We also express our grave concern over new reports of attacks on medical facilities despite deconfliction; for example the case of the September 6 bombing of the medical facility in Kafar Zita. Such attacks may amount to war crimes. There can be no impunity for violations and abuses of international law, and we reaffirm our strong support for the IIIM and the Commission of Inquiry in this regard. We also support the call by Under-Secretary Mark Lowcock to all parties to abide by deconfliction protocols.
We also appreciate the update by Special Envoy de Mistura on the UN-led political process and his tirledless efforts in this regard. We agree with him on how resolution 2254 is intrinsically linked to how to solve the situation in Idlib. Incentives are needed for the day after separation, both for armed groups and for the civilian population. Such incentives can only come from a genuine diplomatic effort on the implementation of 2254.
It is therefore urgent to make progress on the political process in parallell. We lend our full support to the UN’s mandate to establish the constitutional committee and prerogative to ensure its credibility and international legitimacy. Women’s full and effective participation in the work of the Committee must be ensured. We call on all involved to respect the UN’s independent middle list and we encourage the Special Envoy to convene the Committee as soon as possible, as he indicated.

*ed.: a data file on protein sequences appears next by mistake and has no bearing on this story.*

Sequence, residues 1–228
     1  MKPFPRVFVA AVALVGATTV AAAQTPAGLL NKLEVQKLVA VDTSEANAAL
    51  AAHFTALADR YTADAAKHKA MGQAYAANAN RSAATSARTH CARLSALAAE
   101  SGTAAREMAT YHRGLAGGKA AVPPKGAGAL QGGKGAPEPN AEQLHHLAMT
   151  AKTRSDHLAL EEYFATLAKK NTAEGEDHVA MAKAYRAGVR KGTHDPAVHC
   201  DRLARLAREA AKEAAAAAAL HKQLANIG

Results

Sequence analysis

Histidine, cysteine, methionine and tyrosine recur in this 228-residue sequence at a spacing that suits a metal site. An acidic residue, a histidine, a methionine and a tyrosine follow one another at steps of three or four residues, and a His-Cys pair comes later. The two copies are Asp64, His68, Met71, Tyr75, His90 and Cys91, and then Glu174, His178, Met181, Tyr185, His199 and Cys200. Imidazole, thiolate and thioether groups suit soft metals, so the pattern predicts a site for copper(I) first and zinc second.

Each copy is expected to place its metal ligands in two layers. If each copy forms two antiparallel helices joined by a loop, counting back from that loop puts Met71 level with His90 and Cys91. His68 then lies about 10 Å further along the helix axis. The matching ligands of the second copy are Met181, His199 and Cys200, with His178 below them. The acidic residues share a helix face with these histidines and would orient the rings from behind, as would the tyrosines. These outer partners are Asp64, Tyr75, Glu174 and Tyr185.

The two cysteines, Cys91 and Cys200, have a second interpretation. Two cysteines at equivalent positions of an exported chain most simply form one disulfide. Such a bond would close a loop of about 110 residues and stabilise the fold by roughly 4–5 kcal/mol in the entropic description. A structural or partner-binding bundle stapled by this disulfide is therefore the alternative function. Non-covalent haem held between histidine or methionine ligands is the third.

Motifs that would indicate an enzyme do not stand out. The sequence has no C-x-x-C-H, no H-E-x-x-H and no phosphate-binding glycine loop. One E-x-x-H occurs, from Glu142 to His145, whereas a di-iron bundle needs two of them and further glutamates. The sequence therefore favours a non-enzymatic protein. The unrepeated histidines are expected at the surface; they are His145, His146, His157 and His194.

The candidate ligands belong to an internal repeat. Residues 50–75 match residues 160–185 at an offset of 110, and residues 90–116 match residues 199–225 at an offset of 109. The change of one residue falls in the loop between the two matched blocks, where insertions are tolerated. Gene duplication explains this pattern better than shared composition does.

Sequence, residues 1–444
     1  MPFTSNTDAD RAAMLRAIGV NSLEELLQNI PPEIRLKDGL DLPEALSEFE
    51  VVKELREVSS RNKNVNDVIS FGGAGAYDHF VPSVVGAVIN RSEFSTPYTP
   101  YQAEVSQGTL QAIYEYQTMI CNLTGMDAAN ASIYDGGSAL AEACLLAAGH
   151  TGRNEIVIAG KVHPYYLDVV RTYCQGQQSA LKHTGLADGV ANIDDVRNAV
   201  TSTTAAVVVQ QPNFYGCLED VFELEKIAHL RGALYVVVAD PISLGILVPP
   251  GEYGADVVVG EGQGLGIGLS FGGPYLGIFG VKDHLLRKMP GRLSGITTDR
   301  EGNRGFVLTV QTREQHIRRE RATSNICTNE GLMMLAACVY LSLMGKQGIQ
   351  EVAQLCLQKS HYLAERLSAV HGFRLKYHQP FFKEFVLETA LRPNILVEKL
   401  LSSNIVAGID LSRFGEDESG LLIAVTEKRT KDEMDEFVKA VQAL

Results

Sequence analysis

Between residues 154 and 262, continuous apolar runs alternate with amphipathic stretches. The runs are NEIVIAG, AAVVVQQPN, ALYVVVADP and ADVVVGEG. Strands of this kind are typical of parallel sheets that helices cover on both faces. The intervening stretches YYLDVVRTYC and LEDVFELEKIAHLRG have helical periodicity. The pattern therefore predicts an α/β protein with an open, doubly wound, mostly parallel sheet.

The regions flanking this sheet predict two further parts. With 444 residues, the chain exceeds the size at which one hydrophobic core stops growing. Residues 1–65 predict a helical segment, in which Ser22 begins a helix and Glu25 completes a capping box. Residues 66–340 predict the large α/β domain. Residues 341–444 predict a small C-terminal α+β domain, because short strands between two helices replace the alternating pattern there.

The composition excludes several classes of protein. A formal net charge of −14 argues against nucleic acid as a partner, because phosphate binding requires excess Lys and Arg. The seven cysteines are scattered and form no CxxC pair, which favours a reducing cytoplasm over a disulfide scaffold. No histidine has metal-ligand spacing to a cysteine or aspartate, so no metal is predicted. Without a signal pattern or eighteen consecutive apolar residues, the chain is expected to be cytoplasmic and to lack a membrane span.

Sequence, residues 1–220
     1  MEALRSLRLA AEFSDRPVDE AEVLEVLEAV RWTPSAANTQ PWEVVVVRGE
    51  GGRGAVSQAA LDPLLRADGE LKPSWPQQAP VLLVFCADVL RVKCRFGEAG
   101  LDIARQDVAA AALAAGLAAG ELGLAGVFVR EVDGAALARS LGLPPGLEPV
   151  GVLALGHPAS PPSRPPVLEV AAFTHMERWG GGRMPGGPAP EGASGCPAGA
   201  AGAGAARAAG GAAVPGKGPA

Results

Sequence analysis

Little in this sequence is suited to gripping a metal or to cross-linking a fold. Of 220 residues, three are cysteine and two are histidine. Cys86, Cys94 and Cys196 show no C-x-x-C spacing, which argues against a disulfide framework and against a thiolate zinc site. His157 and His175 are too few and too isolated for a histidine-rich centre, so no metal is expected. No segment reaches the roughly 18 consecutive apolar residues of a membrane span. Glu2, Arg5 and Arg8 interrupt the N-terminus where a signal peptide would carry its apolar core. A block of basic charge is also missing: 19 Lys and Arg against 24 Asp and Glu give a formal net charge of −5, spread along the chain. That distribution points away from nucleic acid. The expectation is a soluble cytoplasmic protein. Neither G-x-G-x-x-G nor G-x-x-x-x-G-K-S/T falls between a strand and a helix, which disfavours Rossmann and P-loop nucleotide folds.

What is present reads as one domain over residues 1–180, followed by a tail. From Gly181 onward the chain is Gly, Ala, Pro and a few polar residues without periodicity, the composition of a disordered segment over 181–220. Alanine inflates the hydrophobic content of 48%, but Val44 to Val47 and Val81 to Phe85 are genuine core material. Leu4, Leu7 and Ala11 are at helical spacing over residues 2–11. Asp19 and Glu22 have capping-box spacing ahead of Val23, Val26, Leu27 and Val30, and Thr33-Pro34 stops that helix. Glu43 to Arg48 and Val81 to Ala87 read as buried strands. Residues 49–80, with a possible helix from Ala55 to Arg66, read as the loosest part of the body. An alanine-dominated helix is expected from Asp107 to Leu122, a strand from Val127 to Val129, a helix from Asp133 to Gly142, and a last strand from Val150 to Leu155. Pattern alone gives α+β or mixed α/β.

Let’s all be clear, a full-scale military operation in Idlib would risk any remaining hope for a sustainable and peaceful settlement in Syria. Only once a credible political transition is firmly under way and when conditions for safe, voluntary and dignified return of refugees and IDPs are in place, will the international donor community be ready to assist in the reconstruction of Syria.
The responsibility and ability to avoid a catastrophe and to allow time for dialogue, still lies with Syria and the Astana Guarantors.
As penholders for the Syria humanitarian file, Kuwait and Sweden will continue to ensure that the Council follows developments in Idlib very closely. We have been and we continue to be actively exploring all options for this Council. We stand ready to work with all Council members and relevant actors on the best way forward. Enough blood has been shed, all efforts should now be political and diplomatic.
I thank you very much, Mr. President.